Successful Challenger Brands Embrace Discrimination

Here’s a news flash: We like people who are like us. More to the point, we favor people who look like we do, act like we do, and think like we do. This innate bias has been slow-baked into our genetic code down through the ages. Hanging with one’s own crew increased the odds of survival considerably for our ancient ancestors. It’s a notion that befuddles the best intentions of today’s enlightened urban planners who aspire to create socially cohesive communities populated by diverse groups of people. Unfortunately, social cohesion and diversity just don’t get along very well.

The noble goal of diversity notwithstanding, marketers can’t afford to ignore our tribal behavior. People look to others who are like themselves for behavioral cues about what’s acceptable and what’s not. Social psychologists call this tendency homophily, and it has been observed in more than 100 studies, including a shocker conducted by the University of Washington. The results of that research are summed up in the provocatively titled Time magazine article, “Your Baby Is a Racist—and Why You Can Live With That.”

Homophily is the reason no single brand will ever appeal to everyone, although plenty of marketing money is wasted every day in the hapless pursuit of broad brand appeal. Of course, challenger brands can’t afford to throw away money chasing phantoms like broad brand appeal. Instead, successful marketers discriminate. They find their tribe and stick with it, because they know, just as our ancestors did, that this strategy offers the best chance for survival. The more precisely a brand can define its people, the better its chances for success.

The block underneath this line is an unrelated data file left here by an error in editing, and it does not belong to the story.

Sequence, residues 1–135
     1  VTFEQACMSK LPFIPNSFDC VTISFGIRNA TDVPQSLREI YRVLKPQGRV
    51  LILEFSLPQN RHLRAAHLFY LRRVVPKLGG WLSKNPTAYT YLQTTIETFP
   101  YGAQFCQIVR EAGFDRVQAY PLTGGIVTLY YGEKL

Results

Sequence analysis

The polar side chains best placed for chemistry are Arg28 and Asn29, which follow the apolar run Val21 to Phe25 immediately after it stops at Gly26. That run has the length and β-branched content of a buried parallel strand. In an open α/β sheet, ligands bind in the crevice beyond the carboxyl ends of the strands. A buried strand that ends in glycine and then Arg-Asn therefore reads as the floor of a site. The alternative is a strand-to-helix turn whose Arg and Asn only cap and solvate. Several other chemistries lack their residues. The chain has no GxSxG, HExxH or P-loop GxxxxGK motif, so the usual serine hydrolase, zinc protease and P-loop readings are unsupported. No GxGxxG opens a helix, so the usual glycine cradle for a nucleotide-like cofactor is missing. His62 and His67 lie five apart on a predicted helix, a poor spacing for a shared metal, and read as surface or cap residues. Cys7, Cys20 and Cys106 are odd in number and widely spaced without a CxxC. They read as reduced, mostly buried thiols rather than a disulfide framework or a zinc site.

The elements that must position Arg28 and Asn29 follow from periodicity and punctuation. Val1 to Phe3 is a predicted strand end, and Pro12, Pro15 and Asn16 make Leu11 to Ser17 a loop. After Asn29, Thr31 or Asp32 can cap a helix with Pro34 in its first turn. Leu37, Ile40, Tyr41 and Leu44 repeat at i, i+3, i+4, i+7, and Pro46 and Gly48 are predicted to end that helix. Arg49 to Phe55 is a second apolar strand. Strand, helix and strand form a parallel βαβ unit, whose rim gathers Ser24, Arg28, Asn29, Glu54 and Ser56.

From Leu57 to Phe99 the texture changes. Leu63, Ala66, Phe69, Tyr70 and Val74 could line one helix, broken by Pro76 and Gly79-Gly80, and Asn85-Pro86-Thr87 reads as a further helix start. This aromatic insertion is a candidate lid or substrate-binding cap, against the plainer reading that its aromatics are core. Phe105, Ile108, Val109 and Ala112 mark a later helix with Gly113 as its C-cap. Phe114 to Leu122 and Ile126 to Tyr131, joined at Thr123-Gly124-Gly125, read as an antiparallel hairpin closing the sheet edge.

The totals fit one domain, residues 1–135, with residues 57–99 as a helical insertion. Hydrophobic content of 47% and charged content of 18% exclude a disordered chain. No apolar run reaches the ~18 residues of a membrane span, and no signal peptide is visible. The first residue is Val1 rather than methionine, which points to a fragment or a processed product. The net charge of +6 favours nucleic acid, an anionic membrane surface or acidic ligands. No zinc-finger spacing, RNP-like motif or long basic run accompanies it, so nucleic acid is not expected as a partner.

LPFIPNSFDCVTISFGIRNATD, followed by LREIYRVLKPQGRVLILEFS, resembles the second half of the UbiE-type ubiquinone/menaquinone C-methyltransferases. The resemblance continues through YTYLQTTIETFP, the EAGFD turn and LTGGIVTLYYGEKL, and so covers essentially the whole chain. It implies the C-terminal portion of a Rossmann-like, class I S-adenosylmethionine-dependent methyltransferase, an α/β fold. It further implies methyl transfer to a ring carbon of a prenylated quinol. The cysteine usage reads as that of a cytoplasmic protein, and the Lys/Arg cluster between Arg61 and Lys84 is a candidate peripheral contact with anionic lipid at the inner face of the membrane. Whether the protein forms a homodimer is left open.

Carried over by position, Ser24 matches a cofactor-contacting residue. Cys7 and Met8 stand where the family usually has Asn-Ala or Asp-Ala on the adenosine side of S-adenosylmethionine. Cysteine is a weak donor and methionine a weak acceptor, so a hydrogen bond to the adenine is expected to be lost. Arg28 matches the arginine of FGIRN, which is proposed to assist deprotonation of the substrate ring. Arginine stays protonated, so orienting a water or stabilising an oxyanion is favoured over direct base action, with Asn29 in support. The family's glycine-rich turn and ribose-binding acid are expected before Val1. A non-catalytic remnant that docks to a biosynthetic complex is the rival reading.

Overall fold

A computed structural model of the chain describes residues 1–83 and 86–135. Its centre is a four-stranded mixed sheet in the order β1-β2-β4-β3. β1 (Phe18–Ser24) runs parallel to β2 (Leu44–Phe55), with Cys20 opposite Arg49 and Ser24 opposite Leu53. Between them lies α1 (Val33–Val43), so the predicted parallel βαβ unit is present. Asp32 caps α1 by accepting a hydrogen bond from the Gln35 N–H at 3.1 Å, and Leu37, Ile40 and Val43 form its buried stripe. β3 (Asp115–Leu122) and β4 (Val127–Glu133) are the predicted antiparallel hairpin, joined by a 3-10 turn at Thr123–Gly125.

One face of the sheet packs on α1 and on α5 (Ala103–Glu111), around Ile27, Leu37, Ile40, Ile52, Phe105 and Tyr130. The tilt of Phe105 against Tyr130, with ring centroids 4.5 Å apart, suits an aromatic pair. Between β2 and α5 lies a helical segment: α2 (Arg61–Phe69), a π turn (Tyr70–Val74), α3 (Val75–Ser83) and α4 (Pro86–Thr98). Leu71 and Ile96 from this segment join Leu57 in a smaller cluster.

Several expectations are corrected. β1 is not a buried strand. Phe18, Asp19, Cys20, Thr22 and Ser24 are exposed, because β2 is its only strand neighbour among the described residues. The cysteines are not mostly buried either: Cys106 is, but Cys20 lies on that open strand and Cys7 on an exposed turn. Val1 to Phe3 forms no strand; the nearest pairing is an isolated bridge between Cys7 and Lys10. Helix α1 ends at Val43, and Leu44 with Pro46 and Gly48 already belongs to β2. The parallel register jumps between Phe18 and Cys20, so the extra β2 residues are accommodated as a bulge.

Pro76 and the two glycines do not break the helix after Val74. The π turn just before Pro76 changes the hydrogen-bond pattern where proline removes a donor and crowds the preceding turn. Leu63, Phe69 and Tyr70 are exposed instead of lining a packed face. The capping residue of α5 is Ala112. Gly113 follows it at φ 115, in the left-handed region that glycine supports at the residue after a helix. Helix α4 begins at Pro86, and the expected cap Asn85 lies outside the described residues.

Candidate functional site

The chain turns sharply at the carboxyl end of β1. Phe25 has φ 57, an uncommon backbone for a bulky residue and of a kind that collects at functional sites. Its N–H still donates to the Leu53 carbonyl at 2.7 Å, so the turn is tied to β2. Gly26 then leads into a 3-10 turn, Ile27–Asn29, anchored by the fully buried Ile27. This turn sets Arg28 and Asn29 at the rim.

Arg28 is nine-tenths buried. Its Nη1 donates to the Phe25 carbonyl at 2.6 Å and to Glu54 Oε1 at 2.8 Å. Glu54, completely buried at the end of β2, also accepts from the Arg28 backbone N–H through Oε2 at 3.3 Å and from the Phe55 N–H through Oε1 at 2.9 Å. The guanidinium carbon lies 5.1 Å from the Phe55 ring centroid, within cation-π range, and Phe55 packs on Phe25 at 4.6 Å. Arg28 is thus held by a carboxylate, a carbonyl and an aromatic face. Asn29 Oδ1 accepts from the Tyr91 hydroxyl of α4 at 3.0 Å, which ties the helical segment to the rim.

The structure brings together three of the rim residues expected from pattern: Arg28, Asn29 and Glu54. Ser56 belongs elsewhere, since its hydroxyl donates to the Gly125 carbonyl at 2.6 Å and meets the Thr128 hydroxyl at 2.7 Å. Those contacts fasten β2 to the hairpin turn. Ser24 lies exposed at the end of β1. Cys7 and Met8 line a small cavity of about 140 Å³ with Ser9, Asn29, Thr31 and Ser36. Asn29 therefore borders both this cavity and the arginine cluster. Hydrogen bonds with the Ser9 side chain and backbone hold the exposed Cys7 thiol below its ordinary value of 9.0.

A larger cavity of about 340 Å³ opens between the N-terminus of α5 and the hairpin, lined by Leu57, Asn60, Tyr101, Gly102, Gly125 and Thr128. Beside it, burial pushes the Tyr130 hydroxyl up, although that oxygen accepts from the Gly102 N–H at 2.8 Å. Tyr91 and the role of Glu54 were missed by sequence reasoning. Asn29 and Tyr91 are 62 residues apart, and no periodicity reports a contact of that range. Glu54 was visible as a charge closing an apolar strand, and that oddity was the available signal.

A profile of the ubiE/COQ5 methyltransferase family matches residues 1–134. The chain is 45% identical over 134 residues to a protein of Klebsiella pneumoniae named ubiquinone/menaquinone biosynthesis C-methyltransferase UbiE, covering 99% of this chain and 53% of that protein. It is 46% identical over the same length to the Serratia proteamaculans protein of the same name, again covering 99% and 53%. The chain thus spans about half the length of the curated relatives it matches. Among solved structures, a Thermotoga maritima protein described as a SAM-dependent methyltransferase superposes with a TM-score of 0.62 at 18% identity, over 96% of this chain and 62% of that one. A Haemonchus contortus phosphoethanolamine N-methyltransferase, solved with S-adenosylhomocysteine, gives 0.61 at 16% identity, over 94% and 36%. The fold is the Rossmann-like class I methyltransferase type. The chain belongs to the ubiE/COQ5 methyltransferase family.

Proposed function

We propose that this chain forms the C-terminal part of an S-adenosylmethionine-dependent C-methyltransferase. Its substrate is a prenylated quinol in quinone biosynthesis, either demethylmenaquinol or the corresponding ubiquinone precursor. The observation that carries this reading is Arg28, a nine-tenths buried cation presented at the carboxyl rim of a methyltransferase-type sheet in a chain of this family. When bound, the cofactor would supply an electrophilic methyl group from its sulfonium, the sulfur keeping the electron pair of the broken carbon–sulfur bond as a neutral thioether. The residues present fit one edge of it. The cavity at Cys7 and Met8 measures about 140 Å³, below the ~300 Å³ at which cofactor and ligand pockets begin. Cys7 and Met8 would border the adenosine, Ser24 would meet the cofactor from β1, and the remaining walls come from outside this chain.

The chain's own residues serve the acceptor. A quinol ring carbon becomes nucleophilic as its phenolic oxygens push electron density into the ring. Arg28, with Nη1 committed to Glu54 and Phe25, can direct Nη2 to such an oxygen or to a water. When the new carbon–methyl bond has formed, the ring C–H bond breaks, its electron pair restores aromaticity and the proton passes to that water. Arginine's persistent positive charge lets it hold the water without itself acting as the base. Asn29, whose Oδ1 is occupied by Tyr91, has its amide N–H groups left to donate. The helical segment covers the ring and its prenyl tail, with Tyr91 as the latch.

LOOMIS Imagibrand Process

Red Bull, Virgin America, Whole Foods, and Audi are just a handful of my favorite challenger brands. Each has a clear understanding of its customer base and is precisely and exclusively focused on just those people.

If you don’t like Red Bull, for example, there’s a very good chance you’ll never encounter any marketing for the brand even though they spend roughly $70 million a year on it. Red Bull’s youthful following is into adventurous living with a special affinity for expressing themselves through extreme sports. I’m no longer a young adventurer, but the residue of my youth has left me with a lingering affinity for watching the original extreme sport of motocross. At 50-years-old, I’m an outlier in the audience, but my interest in the sport has afforded me the opportunity to observe Red Bull’s truly brilliant marketing evolution over the years. Red Bull dominates in all the right places and in all the right ways for its tribe.

Audi is another of my favorite challenger brands—or at least it was until they began positioning themselves more directly alongside BMW and Mercedes. Audi appealed to me precisely because it wasn’t one of the German highbrow brands. I liked the fact that the luxury sport line was every bit the engineering marvel of its peers, but was understated in a way that suited my personal tastes. The 2008 commercial for the Audi A5 summed up the appeal perfectly. In fact, the brand hit its mark so precisely that in recent years, it’s begun to capture a great deal more market share.

It’s a bit of a paradox that the process of discriminating among customer groups and focusing on just one actually enhances a brand’s appeal and builds its following. For discriminating marketers, there’s simply no better strategy.